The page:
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invited compliance on the part of the New jobbers of New York to prevent the claimYork officers and claimants, informing ants of the New Hampshire rights from them that unless such compliance took holding the lands they claimed and with place within a specified time they might issuing warrants contrary to their orders. expect that force would be used. But the Baker and others made charges and the justices still persisted in issuing writs of trial was proceeded with. The judges ejeciment against the New Hampshire found Spencer guilty on all the charges men, and a second visit to Durham was and, declaring his house a nuisance, passed made. In order to make sure of capturing sentence that it should be burned to the Spencer, a party of some thirty men, under ground, and that he should promise he the lead of Ethan Allen and Remember would not, for the future, act as a justice Baker, went to his house about 11 o'clock of the peace under New York. However, on Saturday night, November 20th, and upon Spencer's representation that his wife took him into custody. They marched and children would be great sufferers and him two miles through the woods to his store of dry goods and all his property the house of one Green, where he was be destroyed if his house were burned, the kept under guard until Monday morning. sentence was reconsidered and, upon the
A BEAUTIFUL SCENE ON THE RUTLAND RAILROAD ON ITS WAY FROM RUTLAND TO BURLINGTON, VT. He was then taken to the house of Joseph suggestion of Warner, it was decided that Smith, the Durham inykeeper, where a the house should not be wholly destroyed trial was ordered. Spencer on being asked but only the roof taken off; and that might where he would prefer to be tried, re- be put on again, provided Spencer should quested that it take place in front of his declare that it was replaced under the New own door, and the request being granted Hampshire title and should purchase a they marched back to Spencer's house and right under the charter of that province. erected in front of it a “judgment seat." Spencer having promised compliance with Upon this Allen, Baker, Seth Warner and these terms, the Green Mountain Boys proRobert Cochran took their seats as judges. ceeded to take off the roof,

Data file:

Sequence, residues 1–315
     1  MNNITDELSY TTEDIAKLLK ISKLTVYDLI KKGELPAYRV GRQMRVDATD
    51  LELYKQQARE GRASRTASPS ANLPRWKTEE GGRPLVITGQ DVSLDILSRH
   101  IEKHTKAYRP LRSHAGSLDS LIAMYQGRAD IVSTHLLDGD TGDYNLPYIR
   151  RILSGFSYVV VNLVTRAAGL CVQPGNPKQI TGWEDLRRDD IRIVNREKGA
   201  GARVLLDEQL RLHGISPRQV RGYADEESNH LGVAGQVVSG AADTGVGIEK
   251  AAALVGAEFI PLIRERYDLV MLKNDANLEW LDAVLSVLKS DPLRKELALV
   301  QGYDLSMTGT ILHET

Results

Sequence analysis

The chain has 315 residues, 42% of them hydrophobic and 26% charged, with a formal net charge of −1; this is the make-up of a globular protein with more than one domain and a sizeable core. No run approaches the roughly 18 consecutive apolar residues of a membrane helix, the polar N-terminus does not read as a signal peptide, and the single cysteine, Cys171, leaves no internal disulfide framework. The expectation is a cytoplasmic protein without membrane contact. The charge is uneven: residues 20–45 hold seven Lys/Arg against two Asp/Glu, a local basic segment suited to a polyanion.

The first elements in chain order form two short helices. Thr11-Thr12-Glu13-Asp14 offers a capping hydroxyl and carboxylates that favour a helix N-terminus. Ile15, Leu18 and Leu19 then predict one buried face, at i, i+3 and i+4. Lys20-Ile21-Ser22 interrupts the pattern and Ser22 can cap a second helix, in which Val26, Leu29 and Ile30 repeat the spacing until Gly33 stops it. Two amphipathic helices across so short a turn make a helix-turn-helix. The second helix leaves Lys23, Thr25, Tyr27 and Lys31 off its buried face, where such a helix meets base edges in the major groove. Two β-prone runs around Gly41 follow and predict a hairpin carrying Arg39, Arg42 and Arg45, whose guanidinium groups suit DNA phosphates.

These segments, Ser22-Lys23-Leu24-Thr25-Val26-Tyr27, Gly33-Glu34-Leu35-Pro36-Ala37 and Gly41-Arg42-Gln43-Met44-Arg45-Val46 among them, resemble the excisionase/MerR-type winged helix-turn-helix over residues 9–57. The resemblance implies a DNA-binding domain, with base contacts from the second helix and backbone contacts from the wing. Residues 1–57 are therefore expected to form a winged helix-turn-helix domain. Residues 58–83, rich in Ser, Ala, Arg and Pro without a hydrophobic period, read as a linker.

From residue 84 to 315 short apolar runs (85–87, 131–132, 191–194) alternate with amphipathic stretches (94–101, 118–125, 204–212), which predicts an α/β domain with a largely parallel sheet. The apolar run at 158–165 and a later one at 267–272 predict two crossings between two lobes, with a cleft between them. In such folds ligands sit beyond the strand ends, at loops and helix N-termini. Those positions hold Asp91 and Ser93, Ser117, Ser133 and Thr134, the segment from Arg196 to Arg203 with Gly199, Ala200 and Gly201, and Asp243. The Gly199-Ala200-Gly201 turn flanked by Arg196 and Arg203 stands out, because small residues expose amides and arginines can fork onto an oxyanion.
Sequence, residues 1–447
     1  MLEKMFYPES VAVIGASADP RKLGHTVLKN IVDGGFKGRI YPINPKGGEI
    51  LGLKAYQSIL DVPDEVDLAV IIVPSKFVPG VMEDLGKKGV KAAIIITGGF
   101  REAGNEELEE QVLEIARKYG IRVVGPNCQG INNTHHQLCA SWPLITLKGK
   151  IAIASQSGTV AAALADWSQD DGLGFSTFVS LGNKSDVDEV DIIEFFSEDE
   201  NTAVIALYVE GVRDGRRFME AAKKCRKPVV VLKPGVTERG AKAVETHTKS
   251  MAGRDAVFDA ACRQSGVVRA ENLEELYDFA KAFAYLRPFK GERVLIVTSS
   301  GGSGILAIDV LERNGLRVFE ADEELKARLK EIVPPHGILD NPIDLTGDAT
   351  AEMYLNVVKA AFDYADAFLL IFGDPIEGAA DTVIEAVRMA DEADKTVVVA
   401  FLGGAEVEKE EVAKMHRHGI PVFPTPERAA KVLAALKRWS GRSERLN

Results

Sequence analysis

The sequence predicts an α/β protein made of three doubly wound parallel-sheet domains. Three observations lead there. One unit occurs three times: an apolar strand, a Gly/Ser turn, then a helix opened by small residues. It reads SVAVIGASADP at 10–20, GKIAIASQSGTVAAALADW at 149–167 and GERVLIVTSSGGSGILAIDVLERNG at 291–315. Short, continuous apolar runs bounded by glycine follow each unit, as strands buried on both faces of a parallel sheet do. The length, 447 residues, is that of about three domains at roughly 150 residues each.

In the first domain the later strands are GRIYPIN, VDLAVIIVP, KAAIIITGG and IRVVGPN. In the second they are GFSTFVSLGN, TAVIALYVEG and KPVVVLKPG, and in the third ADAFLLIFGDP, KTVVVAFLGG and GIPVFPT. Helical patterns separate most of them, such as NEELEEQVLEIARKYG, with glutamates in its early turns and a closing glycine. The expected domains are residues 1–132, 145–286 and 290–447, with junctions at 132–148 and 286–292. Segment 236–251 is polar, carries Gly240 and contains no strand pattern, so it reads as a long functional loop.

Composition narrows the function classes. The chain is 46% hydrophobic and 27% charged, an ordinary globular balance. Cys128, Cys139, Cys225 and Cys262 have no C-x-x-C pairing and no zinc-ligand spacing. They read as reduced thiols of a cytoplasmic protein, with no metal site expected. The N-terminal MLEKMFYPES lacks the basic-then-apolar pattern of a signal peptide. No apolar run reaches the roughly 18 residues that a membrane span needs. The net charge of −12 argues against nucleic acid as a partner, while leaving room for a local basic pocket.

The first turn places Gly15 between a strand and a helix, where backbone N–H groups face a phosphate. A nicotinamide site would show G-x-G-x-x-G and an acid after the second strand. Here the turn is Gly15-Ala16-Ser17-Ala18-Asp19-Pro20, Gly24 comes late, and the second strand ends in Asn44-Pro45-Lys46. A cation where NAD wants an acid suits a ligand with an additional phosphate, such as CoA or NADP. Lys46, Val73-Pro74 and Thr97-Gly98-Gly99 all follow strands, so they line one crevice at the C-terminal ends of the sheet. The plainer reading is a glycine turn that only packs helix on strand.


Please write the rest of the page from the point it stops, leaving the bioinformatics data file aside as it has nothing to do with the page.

" with great Before commencing the trial, Allen made a shouting and much noise and tumult.” speech to the assembled multitude, telling Spencer, on his further promise not to them what had led to such vigorous action. again act as justice of the peace, was disSpencer was then ordered to stand before charged from custody. them, take off his hat (rather an undigni- A company of some twenty or thirty of fied position for an assistant judge of the the Green Mountain party went to the common pleas court), and listen to tlie house of Coroner Jenny, and, finding him accusations against him. Allen then missing and his house deserted, set it on charged him with cudling with the land fire and burnt it to the ground.